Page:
Feature Stories Campus Events

What's Up in Lexington/Rockbridge, plus Monticello Report

3L Ryan Redd reports on a school-sponsored trip to Monticello, the home of Thomas Jefferson. Plus, our roundup of upcoming events.

“We hold these truths to be self-evident, that all men are created equal, that they are endowed by their Creator with certain unalienable Rights, that among these are Life, Liberty and the pursuit of Happiness.”

This past Sunday, fourteen law students (mostly 3Ls) piled into cars, headed up 81N, jumped onto 64E, and converged on Monticello, the principle home and plantation of Thomas Jefferson, the third President of the United States. The Office of Student Affairs and the Student Bar Association subsidized the cost of Monticello day passes that included the main house tour, lawn and garden tours, and the slavery at Monticello tour. Before arriving at Monticello’s main entrance, we passed several vineyards and Carter Mountain Apple Orchard. Soon after arriving, guests at Monticello board shuttles that take a short drive up to the top of the little mountain where the neoclassical house designed by Thomas Jefferson sits.

The tour of Thomas Jefferson’s home on Monticello lasted for about forty minutes and was jammed packed with incredible facts about Jefferson and his home. Without giving too much away for readers who have not yet visited Monticello, the tour guide made sure to address the stories and motivations behind the design of each and every bedroom and space within the house. The guide also pointed out the great irony that Jefferson, the author Declaration of Independence that states all men are created equal, owned over 600 African American slaves over the course of his lifetime. Life at Monticello was built and sustained by the labor of enslaved men and women. Our guide at the “Slavery at Monticello” portion of the tour told the fascinating and tragic stories of slaves who spent their lives in bondage at Monticello. The guide also satisfied the curiosity of the tour group by diving into the story of Sally Hemings and her six children believed to have been fathered by Jefferson.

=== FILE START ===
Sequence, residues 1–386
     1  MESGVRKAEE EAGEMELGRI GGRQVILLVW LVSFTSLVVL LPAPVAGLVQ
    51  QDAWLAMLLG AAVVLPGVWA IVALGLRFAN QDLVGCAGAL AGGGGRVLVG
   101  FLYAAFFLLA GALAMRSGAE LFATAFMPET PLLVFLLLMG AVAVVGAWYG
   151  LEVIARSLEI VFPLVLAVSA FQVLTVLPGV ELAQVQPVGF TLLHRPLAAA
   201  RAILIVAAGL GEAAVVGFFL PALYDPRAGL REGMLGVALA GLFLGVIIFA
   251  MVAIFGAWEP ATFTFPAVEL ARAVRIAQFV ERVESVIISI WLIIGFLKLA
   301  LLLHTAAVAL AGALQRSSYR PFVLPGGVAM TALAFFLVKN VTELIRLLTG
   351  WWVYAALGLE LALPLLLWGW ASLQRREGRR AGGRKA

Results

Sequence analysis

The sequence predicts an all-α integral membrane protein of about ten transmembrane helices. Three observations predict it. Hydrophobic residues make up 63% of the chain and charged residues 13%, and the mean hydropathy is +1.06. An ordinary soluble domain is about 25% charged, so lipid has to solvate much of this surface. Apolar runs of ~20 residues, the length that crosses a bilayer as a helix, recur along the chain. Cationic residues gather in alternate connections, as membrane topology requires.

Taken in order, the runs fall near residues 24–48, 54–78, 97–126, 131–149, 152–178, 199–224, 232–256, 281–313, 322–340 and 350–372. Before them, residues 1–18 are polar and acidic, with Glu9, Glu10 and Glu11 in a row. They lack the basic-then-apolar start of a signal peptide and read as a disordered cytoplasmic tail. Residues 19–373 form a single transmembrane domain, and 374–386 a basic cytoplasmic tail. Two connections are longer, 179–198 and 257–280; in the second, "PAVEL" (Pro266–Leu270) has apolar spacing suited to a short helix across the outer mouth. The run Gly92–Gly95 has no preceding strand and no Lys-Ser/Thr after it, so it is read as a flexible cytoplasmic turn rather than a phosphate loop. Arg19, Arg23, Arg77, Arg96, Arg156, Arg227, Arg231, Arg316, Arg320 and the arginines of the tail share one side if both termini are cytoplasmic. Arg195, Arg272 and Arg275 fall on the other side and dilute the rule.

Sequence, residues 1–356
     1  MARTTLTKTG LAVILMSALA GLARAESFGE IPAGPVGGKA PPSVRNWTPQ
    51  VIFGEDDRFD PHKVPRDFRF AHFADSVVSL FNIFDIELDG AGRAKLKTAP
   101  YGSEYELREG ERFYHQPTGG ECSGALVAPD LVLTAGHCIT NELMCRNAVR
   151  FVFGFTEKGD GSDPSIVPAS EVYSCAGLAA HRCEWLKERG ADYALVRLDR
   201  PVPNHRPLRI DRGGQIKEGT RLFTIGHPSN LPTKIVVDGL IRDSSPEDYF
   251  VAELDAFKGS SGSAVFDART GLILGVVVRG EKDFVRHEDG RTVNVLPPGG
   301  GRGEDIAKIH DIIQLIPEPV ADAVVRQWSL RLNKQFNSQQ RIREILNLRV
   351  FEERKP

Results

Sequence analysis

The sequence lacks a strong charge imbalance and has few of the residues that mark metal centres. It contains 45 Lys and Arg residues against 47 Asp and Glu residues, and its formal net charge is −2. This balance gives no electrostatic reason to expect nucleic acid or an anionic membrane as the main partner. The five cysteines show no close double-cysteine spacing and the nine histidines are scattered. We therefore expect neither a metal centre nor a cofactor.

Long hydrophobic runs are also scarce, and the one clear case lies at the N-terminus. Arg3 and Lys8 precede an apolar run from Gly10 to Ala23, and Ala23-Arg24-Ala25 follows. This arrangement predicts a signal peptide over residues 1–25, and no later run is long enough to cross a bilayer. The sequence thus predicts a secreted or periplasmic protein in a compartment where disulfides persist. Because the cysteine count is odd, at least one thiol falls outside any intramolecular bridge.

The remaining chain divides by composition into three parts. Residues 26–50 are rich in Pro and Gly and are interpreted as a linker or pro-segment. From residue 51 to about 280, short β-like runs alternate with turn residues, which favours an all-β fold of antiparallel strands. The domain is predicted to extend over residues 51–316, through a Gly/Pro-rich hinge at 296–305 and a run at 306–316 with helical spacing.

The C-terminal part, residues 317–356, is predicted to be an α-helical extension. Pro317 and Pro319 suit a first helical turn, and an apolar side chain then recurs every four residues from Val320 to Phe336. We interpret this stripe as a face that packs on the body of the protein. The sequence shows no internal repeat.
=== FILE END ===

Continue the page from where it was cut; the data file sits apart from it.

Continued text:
Thomas Jefferson died with a tremendous amount of debt, and Monticello was sold to several different people before the Thomas Jefferson Foundation acquired the property. Monticello has undergone restorations but remains authentic. I would definitely recommend the trip to any student who appreciates history, art, architecture, and nature. The students who took the Monticello trip really enjoyed it. As an added bonus, we stopped for some of the best Thai food in Charlottesville at Lemongrass on the Corner.

Anyone who makes the trip to Monticello will learn what Jefferson thought his greatest life accomplishments were: Author of the Declaration of Independence, the drafter of Statute of Virginia for Religious Freedom, and Father of the University of Virginia.

Wahoowa!

Upcoming Events

Friday, October 3, 2014

Paw Day! LALSA, APALSA, and The Wellness Group will host their first Paw Day at 4pm on the law school lawn. Humans will get hot dogs, dogs will get treats. Bring your dogs. I think cats are welcome too?